Tear gas is no joke. Despite the fact that it is banned for wartime use by the Geneva Convention, police in the US use the stuff to strong-arm crowds and temper (what they allege to be) riots. But the practice has attracted revised scrutiny in the past year — nationwide protests against police brutality and racism begat more brutality, which hospitalized civilians with injuries from "less lethal" weapons, including tear gas.
In a new study, researchers from Kaiser Permanente Northwest Center for Health Research report results from a survey of 2257 adults who attended protests Portland, Oregon. "Almost all respondents," they wrote, had physical or psychological injuries after tear-gas exposure. Nearly 94 percent felt their injuries immediately, and 86 percent had them for days. The study provides scientific support to growing pleas for banning tear gas as a method of crowd-control.
Tear gas is an irritant made of tiny solid chemical aerosols. One common ingredient, chloroacetophenone, is the eye-mouth-throat-lung-skin-burning stuff in Mace. Officials have historically greenlit tear gas as a short-term deterrent — as the chemical equivalent of batting someone's hand away when they're annoying you. But the underlying safety data is decades old and based on exposure in young healthy men.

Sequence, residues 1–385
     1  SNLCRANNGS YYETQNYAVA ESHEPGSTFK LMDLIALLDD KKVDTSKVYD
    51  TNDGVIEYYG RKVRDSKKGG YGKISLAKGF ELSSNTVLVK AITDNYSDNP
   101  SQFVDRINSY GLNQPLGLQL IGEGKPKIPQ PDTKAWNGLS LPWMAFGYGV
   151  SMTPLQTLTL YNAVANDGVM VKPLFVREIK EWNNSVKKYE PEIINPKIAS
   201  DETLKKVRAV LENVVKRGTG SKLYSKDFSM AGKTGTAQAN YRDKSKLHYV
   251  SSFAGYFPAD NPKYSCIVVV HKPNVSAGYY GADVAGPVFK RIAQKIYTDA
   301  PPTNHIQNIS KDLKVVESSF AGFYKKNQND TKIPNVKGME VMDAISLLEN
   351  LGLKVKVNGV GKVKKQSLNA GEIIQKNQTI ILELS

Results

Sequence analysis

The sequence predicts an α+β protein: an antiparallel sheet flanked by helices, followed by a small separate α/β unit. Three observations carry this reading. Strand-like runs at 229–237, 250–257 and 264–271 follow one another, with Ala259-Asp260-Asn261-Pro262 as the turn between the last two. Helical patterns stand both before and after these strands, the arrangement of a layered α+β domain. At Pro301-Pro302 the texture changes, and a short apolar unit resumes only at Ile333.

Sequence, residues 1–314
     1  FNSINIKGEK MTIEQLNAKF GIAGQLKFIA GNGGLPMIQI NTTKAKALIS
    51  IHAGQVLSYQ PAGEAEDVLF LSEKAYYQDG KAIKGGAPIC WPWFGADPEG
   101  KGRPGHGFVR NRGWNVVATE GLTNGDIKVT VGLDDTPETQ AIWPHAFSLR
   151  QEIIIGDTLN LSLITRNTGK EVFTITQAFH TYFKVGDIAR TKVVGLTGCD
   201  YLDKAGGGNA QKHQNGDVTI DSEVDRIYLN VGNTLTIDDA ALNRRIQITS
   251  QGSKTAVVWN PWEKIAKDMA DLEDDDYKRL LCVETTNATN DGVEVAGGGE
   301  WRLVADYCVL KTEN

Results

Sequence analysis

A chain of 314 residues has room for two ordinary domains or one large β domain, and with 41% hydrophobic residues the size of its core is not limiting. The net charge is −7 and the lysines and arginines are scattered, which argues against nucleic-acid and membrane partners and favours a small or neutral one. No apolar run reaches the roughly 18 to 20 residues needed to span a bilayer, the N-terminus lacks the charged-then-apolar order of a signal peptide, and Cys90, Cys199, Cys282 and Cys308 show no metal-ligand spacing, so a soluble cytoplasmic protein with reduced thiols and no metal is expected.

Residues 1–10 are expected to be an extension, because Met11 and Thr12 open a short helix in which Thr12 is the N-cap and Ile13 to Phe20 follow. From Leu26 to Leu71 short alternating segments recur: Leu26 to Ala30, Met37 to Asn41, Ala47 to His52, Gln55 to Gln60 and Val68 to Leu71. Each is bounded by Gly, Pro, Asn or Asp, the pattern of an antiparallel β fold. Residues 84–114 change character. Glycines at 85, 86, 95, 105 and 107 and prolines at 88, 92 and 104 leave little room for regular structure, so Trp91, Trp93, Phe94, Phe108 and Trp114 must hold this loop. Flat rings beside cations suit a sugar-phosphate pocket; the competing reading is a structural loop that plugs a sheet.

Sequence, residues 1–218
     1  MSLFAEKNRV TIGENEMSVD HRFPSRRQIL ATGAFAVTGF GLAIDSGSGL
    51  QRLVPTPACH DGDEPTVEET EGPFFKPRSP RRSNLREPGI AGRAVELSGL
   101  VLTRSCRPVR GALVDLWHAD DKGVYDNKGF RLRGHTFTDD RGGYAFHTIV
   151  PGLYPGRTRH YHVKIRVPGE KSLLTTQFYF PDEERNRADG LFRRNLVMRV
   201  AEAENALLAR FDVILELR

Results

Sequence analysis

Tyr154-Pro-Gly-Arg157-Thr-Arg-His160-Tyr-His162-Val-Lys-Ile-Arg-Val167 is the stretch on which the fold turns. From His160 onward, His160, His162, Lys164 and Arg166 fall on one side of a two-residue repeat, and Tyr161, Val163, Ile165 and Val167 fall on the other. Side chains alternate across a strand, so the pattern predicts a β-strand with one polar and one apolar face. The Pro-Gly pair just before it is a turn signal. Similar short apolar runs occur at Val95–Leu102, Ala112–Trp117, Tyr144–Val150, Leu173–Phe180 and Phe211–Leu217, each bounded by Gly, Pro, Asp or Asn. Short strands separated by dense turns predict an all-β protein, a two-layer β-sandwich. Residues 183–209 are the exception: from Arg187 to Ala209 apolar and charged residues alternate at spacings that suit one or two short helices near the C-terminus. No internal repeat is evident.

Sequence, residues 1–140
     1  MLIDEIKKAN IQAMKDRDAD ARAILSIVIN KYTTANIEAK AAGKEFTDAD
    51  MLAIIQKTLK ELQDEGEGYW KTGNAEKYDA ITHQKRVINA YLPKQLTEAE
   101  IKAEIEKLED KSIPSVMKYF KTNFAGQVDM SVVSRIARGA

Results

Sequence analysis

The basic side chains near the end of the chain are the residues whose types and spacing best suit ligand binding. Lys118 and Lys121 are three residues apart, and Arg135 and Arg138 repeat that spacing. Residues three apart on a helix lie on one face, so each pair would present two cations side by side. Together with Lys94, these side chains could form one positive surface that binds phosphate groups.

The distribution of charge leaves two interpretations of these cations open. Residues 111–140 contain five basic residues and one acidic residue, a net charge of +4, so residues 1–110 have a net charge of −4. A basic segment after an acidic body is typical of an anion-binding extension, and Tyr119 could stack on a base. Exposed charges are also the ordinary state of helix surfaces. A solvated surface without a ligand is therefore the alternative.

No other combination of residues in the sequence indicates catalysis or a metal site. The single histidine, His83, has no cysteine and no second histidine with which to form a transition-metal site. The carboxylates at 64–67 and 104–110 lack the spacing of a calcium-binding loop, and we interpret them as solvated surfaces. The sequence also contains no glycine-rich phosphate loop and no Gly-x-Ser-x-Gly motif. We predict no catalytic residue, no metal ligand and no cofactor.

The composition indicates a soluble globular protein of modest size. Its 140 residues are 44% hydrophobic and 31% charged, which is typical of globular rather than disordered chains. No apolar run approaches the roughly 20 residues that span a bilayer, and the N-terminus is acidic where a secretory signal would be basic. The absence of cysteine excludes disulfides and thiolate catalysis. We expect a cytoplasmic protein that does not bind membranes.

Doctors have known for years that chemical irritants cause serious injuries and even death. This new study presents another compelling case. The survey was anonymous and optional. It took place between July 30 and August 20 and was distributed around Facebook, Twitter, Reddit, and Instagram. The responders reported immediate symptoms like blurred vision and tearing, burning noses, chest tightness and coughing. Hundreds (about 20 percent) even reported rashes and burns.
In contrast with the myth that tear gas is just a short-term irritant, over 80 percent cited delayed health issues. Over half of people who menstruate reported menstrual changes and breast tenderness. The researchers argue that tear gas caused this effect: More days of tear gas exposure led to increased chances of symptoms. The researchers compared survey responses among people who experienced one day of tear gas versus up to five or more days. Mentions of menstrual cramping doubled from 24.3 to 50.9 percent, of increased bleeding nearly tripled, from 14 to 38.3 percent, and of clotting jumped from 3.1 to 20.2 percent.
These new results confirm what many scientists and advocacy organizations have long been saying: Tear gas is brutal on the body. It's banned in warfare, but not still around in policing. Whether the nation's patchwork of powerful municipal police systems will reckon with this fact, however, is another story.